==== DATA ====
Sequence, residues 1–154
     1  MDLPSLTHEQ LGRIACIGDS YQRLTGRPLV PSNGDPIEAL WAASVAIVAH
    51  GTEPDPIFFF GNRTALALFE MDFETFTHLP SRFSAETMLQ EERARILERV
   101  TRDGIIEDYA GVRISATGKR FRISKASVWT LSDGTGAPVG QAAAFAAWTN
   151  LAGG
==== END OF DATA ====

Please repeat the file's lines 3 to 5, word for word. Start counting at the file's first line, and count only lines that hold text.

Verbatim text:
    51  GTEPDPIFFF GNRTALALFE MDFETFTHLP SRFSAETMLQ EERARILERV
   101  TRDGIIEDYA GVRISATGKR FRISKASVWT LSDGTGAPVG QAAAFAAWTN
   151  LAGG